Auto dealerships have always had something of a bad reputation. They’re the original home of pushy sales. And if they’re selling second-hand cars, they’re also the original home of bad products. Even as kids we were told that car salespeople can’t be trusted. In Roald Dahl’s classic, Matilda, Matilda’s father is a car salesman. He and his son try to make a quick buck by rewinding the wheels on the car with a drill to lower the mileage and filling the engine with sawdust. They make off with the money, and the customer is left for dead.
Unfortunately, auto dealerships have not recovered from their bad reputation. There are still many garages that employ pushy sales tactics rather than building long term relationships. And that can be a problem.
The problem with pushy sales techniques, unless you have a customer who wants to haggle, is that it tends to make the customer feel threatened. Often inexperienced sales people will do everything they can to close the deal. After all, there’s a lot of sales commission riding on selling the car. They’ll often keep lowering the prices, as if that’s the only way to sell, and expect their customer to take the bait. All the while, the customers is stood there flummoxed, wondering why the price keeps going down, as if by magic.
It’s not a great way to build trust. A much better way to build trust when selling an auto is to find out as much as you can about the customer’s needs. Get an open dialogue going. Get them to open up about their lifestyle and habits. Really imagine yourself in their shoes and think, what do they want from a car? Then use what you’ve learned to say how one of your cars could meet their needs. Let them imagine what it would be like to own that new car. Suddenly, what they’re buying will seem so much more relevant than before.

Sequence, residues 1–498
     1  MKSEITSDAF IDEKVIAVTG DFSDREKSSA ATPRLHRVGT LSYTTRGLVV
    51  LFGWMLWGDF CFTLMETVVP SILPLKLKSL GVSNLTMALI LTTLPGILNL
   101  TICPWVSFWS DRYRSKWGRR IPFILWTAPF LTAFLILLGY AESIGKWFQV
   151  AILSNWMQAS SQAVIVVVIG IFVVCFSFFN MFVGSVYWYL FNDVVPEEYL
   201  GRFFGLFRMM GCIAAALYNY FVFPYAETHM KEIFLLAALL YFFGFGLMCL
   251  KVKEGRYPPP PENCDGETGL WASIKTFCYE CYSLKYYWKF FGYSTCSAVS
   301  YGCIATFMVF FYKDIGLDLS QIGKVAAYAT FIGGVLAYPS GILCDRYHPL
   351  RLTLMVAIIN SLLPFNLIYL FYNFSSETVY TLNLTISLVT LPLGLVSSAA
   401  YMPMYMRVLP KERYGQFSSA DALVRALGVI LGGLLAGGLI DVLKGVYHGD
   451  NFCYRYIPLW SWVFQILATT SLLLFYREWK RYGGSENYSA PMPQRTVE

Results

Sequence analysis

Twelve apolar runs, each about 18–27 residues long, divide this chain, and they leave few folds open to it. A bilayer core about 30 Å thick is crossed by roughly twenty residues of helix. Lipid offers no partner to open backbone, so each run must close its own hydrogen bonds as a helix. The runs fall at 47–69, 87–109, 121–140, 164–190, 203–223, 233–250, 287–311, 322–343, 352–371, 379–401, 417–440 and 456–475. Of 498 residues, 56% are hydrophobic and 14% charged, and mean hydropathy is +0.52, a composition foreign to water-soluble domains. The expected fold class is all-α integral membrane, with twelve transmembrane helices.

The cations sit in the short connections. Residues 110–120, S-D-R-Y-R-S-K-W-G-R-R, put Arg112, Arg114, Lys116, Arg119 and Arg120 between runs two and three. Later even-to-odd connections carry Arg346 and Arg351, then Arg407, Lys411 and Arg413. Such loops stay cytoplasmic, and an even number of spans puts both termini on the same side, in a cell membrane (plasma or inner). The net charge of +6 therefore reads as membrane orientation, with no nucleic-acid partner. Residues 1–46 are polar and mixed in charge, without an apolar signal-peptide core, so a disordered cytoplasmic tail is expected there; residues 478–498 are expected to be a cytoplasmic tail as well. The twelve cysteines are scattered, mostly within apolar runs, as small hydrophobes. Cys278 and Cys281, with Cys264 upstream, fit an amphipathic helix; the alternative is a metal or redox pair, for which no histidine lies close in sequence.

Dealerships also let themselves down by not reflecting on their weaknesses effectively. They fail to gather data on their performance, in other words. Feedback through automotive CSI (Customer Satisfaction Index) pinpoints any issues. It’s important that dealerships find out where they are scoring poorly in terms of customer satisfaction. Only then will they be able to address any issues.
Most often, customers are dissatisfied, not with the autos themselves, contrary to what Dahl suggests. They’re dissatisfied with the people doing the selling. That’s why it’s important for dealerships to change the way they operate and up their game.
The objective should be to build a rapport with the potential customer. Getting the customer to like you means that they’re more likely to feel good about buying a car from you. Most old-school auto salespeople will tell you to never take the car for a test drive. But when somebody else is in the driving seat, it’s a great opportunity for developing rapport. They’ll open up and tell you about their hopes and dreams. And they’ll give you all the information you need to make the auto they’re driving seem irresistible.